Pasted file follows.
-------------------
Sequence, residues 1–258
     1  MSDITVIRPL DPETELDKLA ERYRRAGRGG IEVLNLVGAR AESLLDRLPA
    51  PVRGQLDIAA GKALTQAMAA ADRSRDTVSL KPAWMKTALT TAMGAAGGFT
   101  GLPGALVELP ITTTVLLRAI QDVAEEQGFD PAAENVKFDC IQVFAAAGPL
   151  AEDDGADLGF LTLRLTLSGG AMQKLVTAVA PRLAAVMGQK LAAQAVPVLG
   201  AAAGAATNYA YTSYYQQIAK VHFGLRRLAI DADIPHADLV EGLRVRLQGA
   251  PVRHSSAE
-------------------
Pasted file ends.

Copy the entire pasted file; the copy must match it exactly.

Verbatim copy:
Sequence, residues 1–258
     1  MSDITVIRPL DPETELDKLA ERYRRAGRGG IEVLNLVGAR AESLLDRLPA
    51  PVRGQLDIAA GKALTQAMAA ADRSRDTVSL KPAWMKTALT TAMGAAGGFT
   101  GLPGALVELP ITTTVLLRAI QDVAEEQGFD PAAENVKFDC IQVFAAAGPL
   151  AEDDGADLGF LTLRLTLSGG AMQKLVTAVA PRLAAVMGQK LAAQAVPVLG
   201  AAAGAATNYA YTSYYQQIAK VHFGLRRLAI DADIPHADLV EGLRVRLQGA
   251  PVRHSSAE